October 17, 2018

July 2011: Life in the Astro-Blogosphere.

July means lightning photography season at Astroguyz HQ…(Photo by Author).

Ah, the seventh month of the calendar year is upon us. July brings our home-world of Earth to aphelion, the start of a new saros, and a look at a fascinating asteroid… and oh yes, the end of a certain low-Earth orbit delivery system. What follows is a sneak peak of what’s up in the July sky and coming to an astro-blog near you;

Coming to a Sky near You: July 1st sees a remote partial solar eclipse and the start of a new saros #156… but will any obsessed eclipse chaser be on hand off the shores of Antarctica to witness it? The 4th sees our planet Earth at aphelion and its farthest point from the Sun, a fact that ameliorates our northern hemisphere climate somewhat during the current epoch. We’ll also take a look at the fascinating close double star Porrima this month, a star that’s been getting a fair amount of telescopic attention as it pairs with Saturn. And by some celestial reckonings, the 12th is the planet Neptune’s “Birthday” as it completes one full orbit since it was first spotted in 1846. [Read more...]

Review: Burnham’s Celestial Handbook.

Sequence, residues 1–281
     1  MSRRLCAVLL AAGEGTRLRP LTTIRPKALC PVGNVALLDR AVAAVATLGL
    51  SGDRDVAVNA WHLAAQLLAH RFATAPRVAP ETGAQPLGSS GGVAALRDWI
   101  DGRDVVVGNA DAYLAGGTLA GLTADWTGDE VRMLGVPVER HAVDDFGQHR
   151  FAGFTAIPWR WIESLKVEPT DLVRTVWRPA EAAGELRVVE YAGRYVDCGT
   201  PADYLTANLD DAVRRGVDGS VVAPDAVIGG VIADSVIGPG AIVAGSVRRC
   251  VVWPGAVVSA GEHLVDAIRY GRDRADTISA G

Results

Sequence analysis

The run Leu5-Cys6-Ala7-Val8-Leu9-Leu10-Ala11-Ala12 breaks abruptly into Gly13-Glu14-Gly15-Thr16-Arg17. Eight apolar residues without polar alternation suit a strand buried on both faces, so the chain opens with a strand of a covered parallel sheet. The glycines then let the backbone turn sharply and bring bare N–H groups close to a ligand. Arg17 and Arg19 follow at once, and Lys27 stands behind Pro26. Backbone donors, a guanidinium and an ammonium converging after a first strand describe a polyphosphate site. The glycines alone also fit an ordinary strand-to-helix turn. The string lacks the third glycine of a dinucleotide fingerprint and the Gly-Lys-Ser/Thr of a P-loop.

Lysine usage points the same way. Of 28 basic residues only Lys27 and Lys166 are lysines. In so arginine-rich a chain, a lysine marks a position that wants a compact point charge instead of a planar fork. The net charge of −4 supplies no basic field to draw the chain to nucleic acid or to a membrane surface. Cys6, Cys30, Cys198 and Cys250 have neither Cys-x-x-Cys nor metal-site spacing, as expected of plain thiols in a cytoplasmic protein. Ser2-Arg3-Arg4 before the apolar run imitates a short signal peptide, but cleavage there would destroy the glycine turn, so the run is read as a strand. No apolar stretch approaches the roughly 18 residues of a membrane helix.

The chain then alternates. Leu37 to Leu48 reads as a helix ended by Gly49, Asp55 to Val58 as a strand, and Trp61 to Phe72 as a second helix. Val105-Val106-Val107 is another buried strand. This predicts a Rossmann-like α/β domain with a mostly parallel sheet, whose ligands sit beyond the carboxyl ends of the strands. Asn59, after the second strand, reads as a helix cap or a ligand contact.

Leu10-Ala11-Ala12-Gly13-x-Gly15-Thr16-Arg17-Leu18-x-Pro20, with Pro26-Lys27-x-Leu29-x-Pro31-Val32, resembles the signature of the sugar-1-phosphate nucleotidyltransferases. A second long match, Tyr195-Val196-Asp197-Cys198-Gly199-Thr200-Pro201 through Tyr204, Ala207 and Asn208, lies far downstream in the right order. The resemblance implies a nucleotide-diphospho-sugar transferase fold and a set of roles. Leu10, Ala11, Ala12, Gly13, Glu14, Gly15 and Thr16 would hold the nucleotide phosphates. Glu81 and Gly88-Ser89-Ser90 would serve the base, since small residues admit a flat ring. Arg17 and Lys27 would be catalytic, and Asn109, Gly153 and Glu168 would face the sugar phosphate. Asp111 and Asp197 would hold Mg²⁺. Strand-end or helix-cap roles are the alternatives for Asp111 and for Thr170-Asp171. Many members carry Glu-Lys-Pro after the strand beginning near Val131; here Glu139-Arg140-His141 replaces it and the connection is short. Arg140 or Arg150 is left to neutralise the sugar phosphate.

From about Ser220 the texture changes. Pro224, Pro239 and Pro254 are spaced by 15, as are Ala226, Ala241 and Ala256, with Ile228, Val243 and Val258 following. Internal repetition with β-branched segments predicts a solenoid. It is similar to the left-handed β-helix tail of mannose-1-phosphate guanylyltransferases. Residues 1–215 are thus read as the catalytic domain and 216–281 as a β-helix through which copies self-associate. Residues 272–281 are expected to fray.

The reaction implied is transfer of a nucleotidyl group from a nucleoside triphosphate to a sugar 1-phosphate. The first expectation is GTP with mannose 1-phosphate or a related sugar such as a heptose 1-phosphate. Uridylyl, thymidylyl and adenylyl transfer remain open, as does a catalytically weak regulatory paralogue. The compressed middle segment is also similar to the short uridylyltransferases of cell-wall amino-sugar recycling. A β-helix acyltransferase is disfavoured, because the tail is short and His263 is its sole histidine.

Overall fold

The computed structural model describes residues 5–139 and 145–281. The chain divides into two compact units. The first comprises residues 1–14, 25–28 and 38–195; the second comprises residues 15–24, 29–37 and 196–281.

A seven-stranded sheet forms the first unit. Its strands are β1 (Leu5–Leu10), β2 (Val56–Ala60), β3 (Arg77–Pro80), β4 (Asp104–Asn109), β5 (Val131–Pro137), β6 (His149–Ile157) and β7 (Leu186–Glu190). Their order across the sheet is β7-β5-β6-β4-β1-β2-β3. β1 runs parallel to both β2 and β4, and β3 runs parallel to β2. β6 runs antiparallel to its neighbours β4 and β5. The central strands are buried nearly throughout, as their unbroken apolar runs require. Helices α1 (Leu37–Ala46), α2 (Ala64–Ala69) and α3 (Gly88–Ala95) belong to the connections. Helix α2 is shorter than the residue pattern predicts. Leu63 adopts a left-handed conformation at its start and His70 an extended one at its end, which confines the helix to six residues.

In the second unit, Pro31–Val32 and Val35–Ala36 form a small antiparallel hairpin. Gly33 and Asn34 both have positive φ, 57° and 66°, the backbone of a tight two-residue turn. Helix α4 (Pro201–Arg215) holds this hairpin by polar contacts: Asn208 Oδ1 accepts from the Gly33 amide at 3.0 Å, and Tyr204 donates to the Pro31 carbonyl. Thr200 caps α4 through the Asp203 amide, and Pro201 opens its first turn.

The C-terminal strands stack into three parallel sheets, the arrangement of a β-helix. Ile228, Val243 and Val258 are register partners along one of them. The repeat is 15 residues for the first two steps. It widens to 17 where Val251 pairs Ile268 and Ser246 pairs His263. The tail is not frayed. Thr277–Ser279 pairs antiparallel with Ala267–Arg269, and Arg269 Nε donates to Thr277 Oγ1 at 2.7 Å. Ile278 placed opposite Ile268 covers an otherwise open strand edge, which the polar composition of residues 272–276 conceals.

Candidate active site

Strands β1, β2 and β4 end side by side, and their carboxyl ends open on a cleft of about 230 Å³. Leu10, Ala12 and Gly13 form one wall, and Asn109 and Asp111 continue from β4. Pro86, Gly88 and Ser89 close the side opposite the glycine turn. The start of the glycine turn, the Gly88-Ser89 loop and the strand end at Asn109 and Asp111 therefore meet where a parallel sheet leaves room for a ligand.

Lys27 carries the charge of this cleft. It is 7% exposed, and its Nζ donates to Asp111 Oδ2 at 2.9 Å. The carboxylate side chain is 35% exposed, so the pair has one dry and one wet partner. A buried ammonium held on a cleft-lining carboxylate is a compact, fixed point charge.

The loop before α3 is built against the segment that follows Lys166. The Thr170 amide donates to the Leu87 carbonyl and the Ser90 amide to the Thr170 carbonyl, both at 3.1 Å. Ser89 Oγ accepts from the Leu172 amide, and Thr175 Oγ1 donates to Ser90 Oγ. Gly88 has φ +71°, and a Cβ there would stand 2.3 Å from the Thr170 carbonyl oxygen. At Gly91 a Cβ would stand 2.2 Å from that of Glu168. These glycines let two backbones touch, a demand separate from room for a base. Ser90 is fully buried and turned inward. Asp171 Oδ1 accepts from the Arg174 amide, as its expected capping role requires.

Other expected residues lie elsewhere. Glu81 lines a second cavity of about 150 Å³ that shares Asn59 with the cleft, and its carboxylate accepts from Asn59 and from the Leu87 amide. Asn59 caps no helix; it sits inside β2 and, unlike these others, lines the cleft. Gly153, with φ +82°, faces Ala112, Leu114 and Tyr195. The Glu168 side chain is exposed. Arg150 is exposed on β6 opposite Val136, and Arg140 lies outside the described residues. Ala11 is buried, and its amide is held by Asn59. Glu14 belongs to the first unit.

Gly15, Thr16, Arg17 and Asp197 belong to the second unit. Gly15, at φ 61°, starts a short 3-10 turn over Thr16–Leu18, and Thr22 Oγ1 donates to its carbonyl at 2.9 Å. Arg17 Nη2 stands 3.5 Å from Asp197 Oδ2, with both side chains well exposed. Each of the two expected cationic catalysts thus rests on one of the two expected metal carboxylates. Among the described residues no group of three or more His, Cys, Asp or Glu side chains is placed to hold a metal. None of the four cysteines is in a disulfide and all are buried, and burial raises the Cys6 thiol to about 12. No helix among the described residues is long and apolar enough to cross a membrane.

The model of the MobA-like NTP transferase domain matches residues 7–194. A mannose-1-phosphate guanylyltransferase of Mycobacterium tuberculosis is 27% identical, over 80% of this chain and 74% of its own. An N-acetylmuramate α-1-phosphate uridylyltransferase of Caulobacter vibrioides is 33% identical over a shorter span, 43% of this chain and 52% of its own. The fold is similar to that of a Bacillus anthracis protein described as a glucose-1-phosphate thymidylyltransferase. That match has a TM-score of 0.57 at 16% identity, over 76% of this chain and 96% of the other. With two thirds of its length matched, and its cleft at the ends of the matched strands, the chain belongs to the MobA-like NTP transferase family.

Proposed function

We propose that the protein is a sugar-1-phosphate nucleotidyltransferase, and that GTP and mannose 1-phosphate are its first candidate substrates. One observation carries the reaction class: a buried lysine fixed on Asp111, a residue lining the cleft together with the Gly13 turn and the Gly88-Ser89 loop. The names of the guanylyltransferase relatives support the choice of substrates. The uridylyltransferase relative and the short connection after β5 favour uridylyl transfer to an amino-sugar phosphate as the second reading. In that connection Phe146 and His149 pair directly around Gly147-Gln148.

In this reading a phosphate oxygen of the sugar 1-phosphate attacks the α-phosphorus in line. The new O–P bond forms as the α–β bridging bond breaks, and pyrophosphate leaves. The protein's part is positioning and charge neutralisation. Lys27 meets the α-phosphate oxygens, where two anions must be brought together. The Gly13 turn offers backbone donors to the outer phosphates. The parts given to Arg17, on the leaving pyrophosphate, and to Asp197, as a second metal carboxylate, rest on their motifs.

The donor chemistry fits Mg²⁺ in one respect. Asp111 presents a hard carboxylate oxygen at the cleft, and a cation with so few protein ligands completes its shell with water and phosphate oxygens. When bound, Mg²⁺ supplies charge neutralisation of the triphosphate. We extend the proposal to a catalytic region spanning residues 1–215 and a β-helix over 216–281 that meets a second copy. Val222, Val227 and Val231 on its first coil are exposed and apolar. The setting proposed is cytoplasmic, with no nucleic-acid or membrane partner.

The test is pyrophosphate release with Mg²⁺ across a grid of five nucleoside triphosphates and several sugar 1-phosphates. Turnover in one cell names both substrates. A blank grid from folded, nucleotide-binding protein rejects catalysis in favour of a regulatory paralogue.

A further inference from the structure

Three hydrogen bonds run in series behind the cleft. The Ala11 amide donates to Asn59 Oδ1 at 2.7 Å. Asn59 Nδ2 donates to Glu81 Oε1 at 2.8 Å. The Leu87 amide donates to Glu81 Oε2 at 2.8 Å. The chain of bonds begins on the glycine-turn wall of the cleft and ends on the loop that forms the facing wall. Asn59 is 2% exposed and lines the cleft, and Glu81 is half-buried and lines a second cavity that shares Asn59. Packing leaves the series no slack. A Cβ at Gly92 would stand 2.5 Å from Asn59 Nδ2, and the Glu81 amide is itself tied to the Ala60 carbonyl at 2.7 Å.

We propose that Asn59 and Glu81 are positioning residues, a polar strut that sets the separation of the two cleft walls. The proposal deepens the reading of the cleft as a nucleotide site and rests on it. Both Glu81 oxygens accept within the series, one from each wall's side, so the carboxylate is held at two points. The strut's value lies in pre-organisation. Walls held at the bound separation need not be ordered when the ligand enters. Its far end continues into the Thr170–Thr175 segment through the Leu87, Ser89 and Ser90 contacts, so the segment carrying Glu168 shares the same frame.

A few decades back, I mentioned to a friend at a local planetarium of my enduring interest in astronomy. “Surely, then, “ he said pulling out a three volume set, “you have these…” I did not at the time, but I had indeed heard the legends. The books were Burnham’s Celestial Handbook, a three volume compendium on observational astronomy. A few weeks back we did a piece on the man, Robert Burnham Jr. and his tempestuous life; now I’d like to break with tradition a bit a provide a review of this indispensable astronomical classic. [Read more...]

Searching for Robert Burnham.

Sometimes, the quietest minds among us also have the most to share with the world.

Last month, on a warm summer’s day in August, the East Valley Astronomy Club, in connection with the Robert Burnham Jr. Memorial Fund, honored a man with the dedication of a small plaque placed on the Pluto walk at the Lowell Observatory. That man is probably the most unknown, but influential amateur astronomer of the 20th century; Robert Burnham Jr. a man that but for a singular colossal work, might have passed on into total obscurity. The book is Burnham’s Celestial Handbook, a three volume guide to the wonders of the night sky. [Read more...]